Numerous sightings of a “fireball” crossing the skies over Northern Ireland night have prompted a search for a meteor that may have crashed to Earth.
On the night of November 18 (Tuesday), multiple people, including a BBC reporter and a meteorologist with the Met (weather service) office in County Antrim, witnessed “a fireball as bright as the moon” darting across the night sky.
The Irish Astronomical Association (IAA) has since received many reports from people across Northern Ireland, as have news outlets throughout the island of Ireland.
BBC Northern Ireland reporter Declan Lawn, who spotted the fireball while playing soccer in south Belfast, told BBC Radio Ulster it looked like “a very bright pinpoint with quite a long tail behind it… It took about six seconds to pass over the pitch, going south to north.”
It was possibly a part of the Leonid meteor shower, visible on November 17 and 18.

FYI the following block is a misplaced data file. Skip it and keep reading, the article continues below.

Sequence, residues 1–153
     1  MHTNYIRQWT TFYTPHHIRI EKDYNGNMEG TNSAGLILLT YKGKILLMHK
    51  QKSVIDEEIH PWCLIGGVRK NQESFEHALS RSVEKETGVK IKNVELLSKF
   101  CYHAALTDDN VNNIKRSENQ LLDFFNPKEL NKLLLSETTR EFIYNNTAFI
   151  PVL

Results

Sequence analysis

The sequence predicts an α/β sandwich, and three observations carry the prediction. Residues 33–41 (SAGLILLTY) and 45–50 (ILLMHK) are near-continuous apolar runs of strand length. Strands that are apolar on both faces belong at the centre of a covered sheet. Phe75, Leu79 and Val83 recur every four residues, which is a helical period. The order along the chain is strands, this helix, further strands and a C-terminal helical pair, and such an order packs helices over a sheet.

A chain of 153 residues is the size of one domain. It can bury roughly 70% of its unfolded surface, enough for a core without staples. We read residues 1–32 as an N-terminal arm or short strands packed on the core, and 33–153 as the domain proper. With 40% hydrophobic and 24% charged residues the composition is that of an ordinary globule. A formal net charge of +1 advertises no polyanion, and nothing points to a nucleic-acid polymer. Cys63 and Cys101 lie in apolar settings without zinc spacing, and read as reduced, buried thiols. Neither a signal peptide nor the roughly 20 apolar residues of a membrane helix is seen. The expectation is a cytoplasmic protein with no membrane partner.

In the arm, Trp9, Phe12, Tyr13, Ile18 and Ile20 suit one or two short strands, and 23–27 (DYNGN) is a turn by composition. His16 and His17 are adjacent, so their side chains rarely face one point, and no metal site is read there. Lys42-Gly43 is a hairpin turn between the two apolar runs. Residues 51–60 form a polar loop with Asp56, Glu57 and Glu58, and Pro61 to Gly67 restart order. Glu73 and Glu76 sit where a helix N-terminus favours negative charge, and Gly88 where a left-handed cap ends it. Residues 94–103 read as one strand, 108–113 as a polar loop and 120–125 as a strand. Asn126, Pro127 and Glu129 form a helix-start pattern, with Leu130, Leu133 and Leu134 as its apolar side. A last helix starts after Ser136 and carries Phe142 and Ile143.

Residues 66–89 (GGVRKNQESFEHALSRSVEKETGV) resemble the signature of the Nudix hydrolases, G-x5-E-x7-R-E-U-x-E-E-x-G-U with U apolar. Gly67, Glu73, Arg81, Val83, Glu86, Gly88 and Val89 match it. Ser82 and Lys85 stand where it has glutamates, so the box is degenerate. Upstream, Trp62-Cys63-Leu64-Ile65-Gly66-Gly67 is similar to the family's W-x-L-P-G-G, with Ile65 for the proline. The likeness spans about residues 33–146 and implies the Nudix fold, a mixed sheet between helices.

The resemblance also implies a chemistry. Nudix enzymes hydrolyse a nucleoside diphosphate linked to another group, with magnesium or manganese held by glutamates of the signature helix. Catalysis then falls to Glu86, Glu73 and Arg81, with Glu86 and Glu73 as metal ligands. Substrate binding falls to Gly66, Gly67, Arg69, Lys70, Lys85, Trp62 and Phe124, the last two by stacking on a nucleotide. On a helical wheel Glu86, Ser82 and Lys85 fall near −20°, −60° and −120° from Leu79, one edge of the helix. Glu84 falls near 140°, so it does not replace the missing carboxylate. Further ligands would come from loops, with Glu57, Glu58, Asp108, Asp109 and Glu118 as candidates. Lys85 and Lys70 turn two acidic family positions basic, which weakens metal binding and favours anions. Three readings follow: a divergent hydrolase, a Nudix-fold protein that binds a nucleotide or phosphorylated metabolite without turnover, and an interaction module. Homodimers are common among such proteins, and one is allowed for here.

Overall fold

Ted Moseley, president of the IAA, told the station that the Met meteorologist who saw it was out observing with students at the time, and that they were all amazed.
“It was traveling south east to north east across the sky,” he said. “He described it as ‘bright as the moon,’ which is really remarkably bright. I’ve seen many ones, but never one as bright as that.”
If the fireball was in fact that bright, David Moore of Astronomy Ireland told The Journal, it was very likely a meteor burning up after entering Earth’s atmosphere, and fragments may have survived.
The Irish Astronomical Association has asked the public to send in any sighting information to help them discern the trajectory of the potential meteor and to figure out where it may have landed.